Rioja wines are usually a blend of grapes, Tempranillo being the most common in the red, “tinto,” wines. Other varieties include Garnacha (Grenache in France), Graciano and Mazuelo. A typical blend is about 60 percent Tempranillo, 20 percent Garnacha and the rest Graziano and Mazuelo. Like any other blend, each variety gives the wine a unique component. Tempranillo gives the main flavors and aging potential, Garnacha gives body and alcohol, Mazuelo gives seasoning and Graciano gives aromas.
A distinct characteristic of red Rioja is the effect of oak aging. Bordeaux wine making techniques played a big part in the development of Rioja wines. The use of oak and the vanilla flavors that come from it became part of the identity of Rioja. Although it started with French oak, the cost pushed Rioja producers to use less expensive American oak for a while, and then return to the French with some American still used for the subtleties. Owning 10,000 to 40,000 barrels is fairly normal for a Rioja bodega (winery). You’d need that many too if you were used to aging your wines for 15 to 20 years before their release. One bodega held a “gran reserva” from the 1942 vintage until 1983 — 41 years! But times and styles change and most Riojas are now typically aged four to eight years. The wines now are meant to be drunk sooner. Thank you!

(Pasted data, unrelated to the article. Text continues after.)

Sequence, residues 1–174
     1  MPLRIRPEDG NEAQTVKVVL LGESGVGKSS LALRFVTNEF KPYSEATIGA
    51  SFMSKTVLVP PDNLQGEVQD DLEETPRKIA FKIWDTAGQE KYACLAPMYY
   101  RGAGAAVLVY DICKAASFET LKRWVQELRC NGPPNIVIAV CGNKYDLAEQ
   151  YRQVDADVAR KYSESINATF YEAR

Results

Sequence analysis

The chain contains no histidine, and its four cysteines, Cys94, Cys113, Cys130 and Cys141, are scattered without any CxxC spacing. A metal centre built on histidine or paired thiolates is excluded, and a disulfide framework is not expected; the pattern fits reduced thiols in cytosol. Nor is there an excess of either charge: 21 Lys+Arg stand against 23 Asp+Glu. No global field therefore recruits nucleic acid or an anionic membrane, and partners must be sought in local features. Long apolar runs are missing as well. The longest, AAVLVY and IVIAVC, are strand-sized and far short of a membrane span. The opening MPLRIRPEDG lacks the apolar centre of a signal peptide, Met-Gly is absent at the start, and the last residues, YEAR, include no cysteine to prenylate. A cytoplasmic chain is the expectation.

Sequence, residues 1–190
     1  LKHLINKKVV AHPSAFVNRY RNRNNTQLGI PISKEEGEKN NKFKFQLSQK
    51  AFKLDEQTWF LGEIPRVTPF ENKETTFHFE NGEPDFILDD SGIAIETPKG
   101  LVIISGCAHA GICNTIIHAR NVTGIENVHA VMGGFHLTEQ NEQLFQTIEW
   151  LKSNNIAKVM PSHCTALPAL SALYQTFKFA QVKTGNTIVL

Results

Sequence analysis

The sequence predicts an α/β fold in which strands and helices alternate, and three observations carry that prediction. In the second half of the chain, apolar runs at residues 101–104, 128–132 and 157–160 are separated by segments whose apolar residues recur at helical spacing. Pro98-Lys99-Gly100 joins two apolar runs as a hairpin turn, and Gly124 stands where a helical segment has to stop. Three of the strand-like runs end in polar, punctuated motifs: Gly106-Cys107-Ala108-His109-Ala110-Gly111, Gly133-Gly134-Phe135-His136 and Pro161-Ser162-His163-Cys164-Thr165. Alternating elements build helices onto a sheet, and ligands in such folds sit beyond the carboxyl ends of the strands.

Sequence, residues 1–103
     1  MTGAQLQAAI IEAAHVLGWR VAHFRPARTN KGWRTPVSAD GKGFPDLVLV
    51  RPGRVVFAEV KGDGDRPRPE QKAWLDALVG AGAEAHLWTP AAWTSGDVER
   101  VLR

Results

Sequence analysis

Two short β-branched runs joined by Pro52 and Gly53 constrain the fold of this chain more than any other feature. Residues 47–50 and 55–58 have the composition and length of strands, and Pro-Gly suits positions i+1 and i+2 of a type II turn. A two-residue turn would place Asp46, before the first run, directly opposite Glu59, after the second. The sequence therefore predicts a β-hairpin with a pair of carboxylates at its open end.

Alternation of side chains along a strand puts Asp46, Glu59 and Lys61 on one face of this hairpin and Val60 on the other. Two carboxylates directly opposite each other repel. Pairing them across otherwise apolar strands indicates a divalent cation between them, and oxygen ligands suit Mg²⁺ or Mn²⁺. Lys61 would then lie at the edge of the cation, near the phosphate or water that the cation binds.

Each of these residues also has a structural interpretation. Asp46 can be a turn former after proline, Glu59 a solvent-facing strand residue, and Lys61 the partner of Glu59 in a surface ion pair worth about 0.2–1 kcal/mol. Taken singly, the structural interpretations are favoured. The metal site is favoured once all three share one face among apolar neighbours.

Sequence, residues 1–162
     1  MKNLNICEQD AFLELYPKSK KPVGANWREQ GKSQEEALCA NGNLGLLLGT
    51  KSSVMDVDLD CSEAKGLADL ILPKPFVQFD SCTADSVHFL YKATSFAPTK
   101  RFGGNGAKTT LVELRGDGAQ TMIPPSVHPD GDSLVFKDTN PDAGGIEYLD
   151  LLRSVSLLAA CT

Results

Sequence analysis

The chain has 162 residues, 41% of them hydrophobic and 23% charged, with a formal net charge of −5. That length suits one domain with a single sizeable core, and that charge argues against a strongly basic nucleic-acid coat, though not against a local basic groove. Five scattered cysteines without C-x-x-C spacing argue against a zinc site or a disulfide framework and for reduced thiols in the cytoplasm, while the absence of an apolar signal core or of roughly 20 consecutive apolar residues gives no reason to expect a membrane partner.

Wines from Rioja, red ones anyhow, have four categories. If it is labeled simply “Rioja,” the wine is the youngest, aged less than one year in oak. “Crianza” labeled wines are aged for at least two years, a minimum of one in barrels. (So, yes, some of the time is in bottles too.) A “reserva” Rioja is aged for a minimum of three years, at least one of them in oak barrels. And, finally, “gran reserva” must be aged at least two years in oak and at least three years in their bottles. Traditions die hard, but the walls of Rioja kept crumbling. Reserva and Gran Reserva Riojas are not made every year, only in the better vintages. Duh! The grapes have to be a certain quality to sustain the wines until we get them into our glasses. Needless to say, as the level of Rioja goes up, so does the price. But, when you’re lucky enough to have one these wines, enjoy it!
Now we know enough about Rioja wines to get to ours for this week. El Coto de Rioja Crianza. El Coto was founded in 1970 by a group of wine makers who wanted to make a new style of wine. Not a traditional family owned for generations bodega, they still knew what they were doing. Their first wine was released in 1975, and, today, El Coto is the leading brand in Spain itself and a top selling brand of Spanish wine in Europe. They own about 1,200 acres in Rioja Alta with soil that has iron and clay, sand and limestone. In addition, they buy grapes from select growers in Rioja Alavesa and Rioja Baja. When making this wine, it is macerated and fermented in stainless steel vats for 20 to 25 days. They use extended time on the skins to extract more flavors and complexities. Then, it is aged for one year in new and used American oak and six months in its bottle. This wine is 100% Tempranillo with layers of fresh raspberries, cherries, cedar and spice all wrapped up in vanilla and leather. A traditional Rioja but young. How modern! This wine is sure to please year in and year out, all seasons, and with so many foods. And it’s only $10.99 I’ve spent years and many nights enjoying this old favorite. Now it’s your turn. Let me know. Enjoy!
By Celia Strong